Okay, so this has been far too long in coming. But I have been busy. I feel mildly embarrassed, like I’m letting the course down or something. Anyway, the time is surely nigh to begin writing this blog in earnest and ordering thoughts properly for this project.
At this stage I have many thoughts. They need ordering.
1 – What my project is about
My initial proposal was to make a history of one word. The word I have been favouring most is ‘all’. It’s a simple word; the kind of word you hear every day. It’s short and unpretentious. It’s also loaded with meaning without being too sentimental. Hopefully I’ll uncover all sorts of odd historical details about it. In fact i’m set on all. It’s a good word. I want to make the project in a few media. I think meaning and language have undergone an interesting process (particularly in the past few years) and the more slippery areas of this enquiry will be well served by using a variety of media to mirror the different purposes and forms language can take. Theoretically, though, the whole thing will be well under the shadow of digital media. though I can see it’s going to be interesting to say the least discovering just what that means.
2 – What my work is like
This is a weird question. I’ve been wondering lately what my work actually is like. Since my degree I’ve always ended up making things that feature as many media as I can fit in one space. The last proper show I did (which was three years ago now. Too long) had the working title of ‘the etymology of laughter’. I changed it to ‘a small show about laughter’ when too many people stared at me blankly. Maybe I was pronouncing it wrong. Anyway, in that show, the front room featured a monologue by a twelve-year old girl somewhere in small town America – sounds weird but the first paragraph just fell into my head. She talks about her thoughts on laughter, the fact that when she was very young, her dad told her laughter was invented in England in the 1580s, whether Neanderthals laughed, and if they did, at what. She talked about a lot of stuff. Accompanying her monologue, there were many drawings, bits cut out of magazines, photographs, faces painted on walls and whatever else seemed good to use at the time. It was an etymology of laughter in a very roundabout sense, but I liked the fact that while in a way it was her story more than anything else, it placed laughter in a very specific, personal context. I think that gave me a good way of linking between an ancient context and a familiar one. In the back room of this show I did a series of things called miniature kingdoms. These were re-imaginings of the world where most things were the same but one thing would be different. All of these were about laughter. In one of them laughter was solid matter that would slowly dissipate but leave a stain of sorts. In another it had to be bought and consumed via a can. They all had various visual aids attached to them as well. A condensed version of the words for the laughter miniature kingdom is on my website. My work tends to be quite poppy, low art. I’m not that bothered about whether you’d call it art or not. I just want people to get something out of what they’re seeing. In my case that can fly pretty close to being entertainment, whatever that is; but I like to think at least it’s thought provoking entertainment.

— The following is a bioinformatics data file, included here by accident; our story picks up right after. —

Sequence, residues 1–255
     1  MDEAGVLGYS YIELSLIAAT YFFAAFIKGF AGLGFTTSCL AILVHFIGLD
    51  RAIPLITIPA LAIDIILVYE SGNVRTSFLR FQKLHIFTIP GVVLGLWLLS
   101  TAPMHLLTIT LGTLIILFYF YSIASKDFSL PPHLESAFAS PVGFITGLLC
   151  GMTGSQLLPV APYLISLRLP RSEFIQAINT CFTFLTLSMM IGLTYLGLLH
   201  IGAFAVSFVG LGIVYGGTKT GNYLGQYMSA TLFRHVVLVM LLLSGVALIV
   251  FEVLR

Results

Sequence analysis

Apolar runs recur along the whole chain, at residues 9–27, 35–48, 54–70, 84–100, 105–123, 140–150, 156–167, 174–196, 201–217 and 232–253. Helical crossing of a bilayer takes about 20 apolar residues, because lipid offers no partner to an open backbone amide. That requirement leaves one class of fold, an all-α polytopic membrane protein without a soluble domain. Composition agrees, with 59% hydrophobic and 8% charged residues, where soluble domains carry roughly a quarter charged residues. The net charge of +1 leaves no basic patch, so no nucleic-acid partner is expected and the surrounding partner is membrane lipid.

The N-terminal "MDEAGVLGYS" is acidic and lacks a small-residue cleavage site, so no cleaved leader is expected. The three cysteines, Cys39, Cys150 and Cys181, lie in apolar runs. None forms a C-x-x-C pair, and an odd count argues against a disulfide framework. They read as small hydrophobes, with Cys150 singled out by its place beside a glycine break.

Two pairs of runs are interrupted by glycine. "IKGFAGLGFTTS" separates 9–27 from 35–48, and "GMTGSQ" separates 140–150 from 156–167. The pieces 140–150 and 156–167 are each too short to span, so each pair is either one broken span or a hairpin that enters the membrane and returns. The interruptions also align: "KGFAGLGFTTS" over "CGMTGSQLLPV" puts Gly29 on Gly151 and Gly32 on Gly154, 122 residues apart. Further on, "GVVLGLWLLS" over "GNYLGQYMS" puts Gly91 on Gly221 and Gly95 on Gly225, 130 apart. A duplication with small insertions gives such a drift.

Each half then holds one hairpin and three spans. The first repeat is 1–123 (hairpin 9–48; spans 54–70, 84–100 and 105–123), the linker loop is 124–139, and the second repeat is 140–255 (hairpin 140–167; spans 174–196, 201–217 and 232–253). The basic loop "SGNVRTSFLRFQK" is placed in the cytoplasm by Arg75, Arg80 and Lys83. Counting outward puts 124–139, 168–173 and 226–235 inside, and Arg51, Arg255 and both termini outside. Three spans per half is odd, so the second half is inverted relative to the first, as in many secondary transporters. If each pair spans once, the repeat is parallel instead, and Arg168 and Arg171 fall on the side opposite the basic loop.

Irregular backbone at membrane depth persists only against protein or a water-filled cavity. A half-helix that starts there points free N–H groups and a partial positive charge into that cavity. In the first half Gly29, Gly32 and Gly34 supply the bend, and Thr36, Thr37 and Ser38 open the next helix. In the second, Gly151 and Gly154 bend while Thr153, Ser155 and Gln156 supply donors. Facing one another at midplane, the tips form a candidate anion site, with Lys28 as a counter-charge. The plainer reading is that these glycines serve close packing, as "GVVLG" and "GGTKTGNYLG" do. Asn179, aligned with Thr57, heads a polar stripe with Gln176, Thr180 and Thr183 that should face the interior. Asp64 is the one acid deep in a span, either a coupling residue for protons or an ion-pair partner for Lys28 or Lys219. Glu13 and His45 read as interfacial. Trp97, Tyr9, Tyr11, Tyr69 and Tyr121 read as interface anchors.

3 – Artists and things I’d say have influenced me
Check out ‘the man who’ series if you haven’t already, about a group of people living in a Communist apartment block, all spying on each other, all plotting their escape in very different ways. Sample titles include ‘The man who launched himself into space’ and ‘the man who never threw anything away’. There’s an element of really accessible and specific story telling going on that still has plenty of space for a more art theory based reading of the work. It has a strong social context too. All good.
Apparently she once said that she never wanted to use the same media twice. I really respect that. Though several fairly strong recurring motifs of sorts seem to appear in her work. She has a way of doing things. She did this great piece about ten years ago where she tries to recreate an old Jerry Lewis film she saw when she was a kid from memory. Her version is predictably nothing like the original, leading us to ponder themes of recall and nostalgia as we enjoy the approach she takes to her remake, having a conversation of sorts with her cat and so on.